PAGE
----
Janet Jacob

Janet recently took a ‘workshop’ with a group of older people who were caring for their husbands or wives. Janet used to be a psychogeriatric nurse and care home manager, and knows about the strain that caregiving can be when you are the main carer. She is  one of our speakers and trainers.  She’s also aware that family caregivers tend  to neglect looking after themselves.

She said, “it was a real privilege to share with them. Being a sole caregiver is a very demanding role. They are all doing a very good job, and giving it their utmost, but like so many others in their position they feel inadequate and doubt their capabilities.  Simply being able to share their common experiences with one another was so helpful.  Knowing that others have similar burdens, and completely understood their cares and concerns helped them see things in an entirely different light.

“Caregivers put their own lives on hold and are totally preoccupied with their loved ones’ needs. When I asked these dedicated folk what one thing would make a the most difference to them, they all said, “to be able to please myself sometimes”. They said that their timetables revolve around their spouse’s needs.

“They also said how sad they were when friends asked how their spouse was, but not about how they were doing. It was such a joy to share with them the importance of caring for themselves, and to give themselves some ‘Hot Chocolate’ moments.”

A ‘Hot Chocolate’ moment is doing something that you like deliberately for a short while, to give yourself a break. It comes from the TV commercial where a frazzled mother hired a babysitter so that she could go into the kitchen and make herself a cup of hot chocolate – which she promptly took into another room altogether where she was alone to enjoy it. “Hot Chocolate” can be whatever works for you: listening to a piece of music, reading a chapter of a book, meditating, doing some stretching exercises, phoning a friend – whatever does it for you!

This group of family caregivers, who are living in our retirement flats in Yorkshire, have decided to get together once a week to talk, and to share over a cup of tea.  They’re going to call it their ‘Hot Chocolate Group.’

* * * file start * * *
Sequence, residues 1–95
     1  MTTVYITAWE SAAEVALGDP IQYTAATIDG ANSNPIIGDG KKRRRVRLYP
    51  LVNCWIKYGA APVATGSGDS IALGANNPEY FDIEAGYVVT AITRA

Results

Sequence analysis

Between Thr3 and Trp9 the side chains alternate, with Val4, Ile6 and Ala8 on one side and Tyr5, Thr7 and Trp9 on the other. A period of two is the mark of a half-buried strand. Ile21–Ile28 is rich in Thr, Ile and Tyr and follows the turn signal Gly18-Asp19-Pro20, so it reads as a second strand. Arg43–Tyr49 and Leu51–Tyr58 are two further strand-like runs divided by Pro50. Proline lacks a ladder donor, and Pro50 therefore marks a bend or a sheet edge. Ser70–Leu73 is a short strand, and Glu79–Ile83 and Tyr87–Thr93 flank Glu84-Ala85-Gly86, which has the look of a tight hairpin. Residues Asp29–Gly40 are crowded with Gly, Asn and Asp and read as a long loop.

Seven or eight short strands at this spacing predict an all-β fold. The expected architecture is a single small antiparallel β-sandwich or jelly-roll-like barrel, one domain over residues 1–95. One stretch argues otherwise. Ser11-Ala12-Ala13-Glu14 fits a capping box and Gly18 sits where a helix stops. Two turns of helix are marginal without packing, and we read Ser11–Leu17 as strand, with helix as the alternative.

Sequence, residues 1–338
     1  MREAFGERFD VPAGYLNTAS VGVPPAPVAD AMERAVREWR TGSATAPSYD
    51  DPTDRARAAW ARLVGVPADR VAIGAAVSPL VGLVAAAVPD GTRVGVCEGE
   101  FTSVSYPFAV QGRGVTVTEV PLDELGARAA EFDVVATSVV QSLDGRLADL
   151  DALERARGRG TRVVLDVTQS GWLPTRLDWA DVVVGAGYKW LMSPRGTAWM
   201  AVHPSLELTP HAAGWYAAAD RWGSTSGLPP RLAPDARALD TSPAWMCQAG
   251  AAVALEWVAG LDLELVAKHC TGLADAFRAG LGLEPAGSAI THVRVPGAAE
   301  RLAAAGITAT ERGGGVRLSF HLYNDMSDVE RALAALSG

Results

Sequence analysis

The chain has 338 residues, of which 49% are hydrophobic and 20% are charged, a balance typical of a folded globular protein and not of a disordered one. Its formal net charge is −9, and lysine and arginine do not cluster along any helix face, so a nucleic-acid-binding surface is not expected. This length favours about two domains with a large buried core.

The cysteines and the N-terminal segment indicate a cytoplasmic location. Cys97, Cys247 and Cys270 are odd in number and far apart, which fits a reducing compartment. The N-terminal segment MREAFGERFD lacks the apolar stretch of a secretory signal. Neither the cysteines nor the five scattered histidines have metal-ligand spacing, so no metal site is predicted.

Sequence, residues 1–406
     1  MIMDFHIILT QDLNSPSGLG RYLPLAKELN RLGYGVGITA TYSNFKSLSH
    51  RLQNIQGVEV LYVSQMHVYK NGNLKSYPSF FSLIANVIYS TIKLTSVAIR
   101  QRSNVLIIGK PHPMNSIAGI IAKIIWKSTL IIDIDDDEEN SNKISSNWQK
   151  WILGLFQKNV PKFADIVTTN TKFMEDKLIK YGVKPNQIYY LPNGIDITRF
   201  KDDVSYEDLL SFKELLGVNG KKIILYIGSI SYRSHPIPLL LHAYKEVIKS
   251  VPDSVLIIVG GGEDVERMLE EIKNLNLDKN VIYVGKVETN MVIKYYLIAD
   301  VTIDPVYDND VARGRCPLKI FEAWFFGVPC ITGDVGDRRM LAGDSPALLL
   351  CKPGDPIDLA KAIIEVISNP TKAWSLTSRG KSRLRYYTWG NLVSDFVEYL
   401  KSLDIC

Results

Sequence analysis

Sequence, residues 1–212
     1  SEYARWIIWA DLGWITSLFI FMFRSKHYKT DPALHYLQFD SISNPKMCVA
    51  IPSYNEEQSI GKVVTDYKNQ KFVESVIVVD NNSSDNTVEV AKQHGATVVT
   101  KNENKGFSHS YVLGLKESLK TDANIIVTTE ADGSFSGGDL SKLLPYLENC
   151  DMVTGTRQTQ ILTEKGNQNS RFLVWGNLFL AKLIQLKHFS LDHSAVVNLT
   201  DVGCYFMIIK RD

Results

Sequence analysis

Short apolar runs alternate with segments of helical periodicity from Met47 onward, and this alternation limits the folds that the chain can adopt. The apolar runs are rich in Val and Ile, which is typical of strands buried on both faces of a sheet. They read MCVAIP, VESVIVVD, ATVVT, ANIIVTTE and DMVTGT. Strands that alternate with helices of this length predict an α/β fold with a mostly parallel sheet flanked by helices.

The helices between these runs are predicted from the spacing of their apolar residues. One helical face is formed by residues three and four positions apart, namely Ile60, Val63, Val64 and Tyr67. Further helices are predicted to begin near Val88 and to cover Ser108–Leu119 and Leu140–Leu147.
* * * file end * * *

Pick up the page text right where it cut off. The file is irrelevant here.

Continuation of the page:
It’s good guidance for people who’d like to come alongside and help.  If you know someone who is caring in this way, you might like to offer to sit with the husband or wife to give them a little time to themselves. Interestingly, they probably won’t take a ‘Hot Chocolate’ moment, but get on with their normal jobs, like ironing or vacuuming! It’s the pleasure of the familiar routine. This doesn’t matter – the choice is theirs. A wife I met whose husband has dementia says she likes to go into the garden and pull some weeds or deadhead the flower bushes.

And be sure to ask how the caregiver is feeling! It goes without saying that they won’t see themselves as a ‘caregiver’ but simply a husband or wife or adult child or brother or sister who is doing their best in an unexpected role.

It doesn’t take a lot to ask, “how are you?”. And sitting for half an hour, or even an hour won’t take all that much out of your life, but will contribute hugely to theirs.

Louise Morse

Louise Morse MA (CBT) is media and external relations manager for the Pilgrims’ Friend Society. She is a writer and speaker, and author of books on issues of old age, including dementia, published by Lion Monarch and SPCK. She is a cognitive behavioural therapist, and her Masters’ dissertation examined the effects of caring for a loved one with dementia on close relatives.

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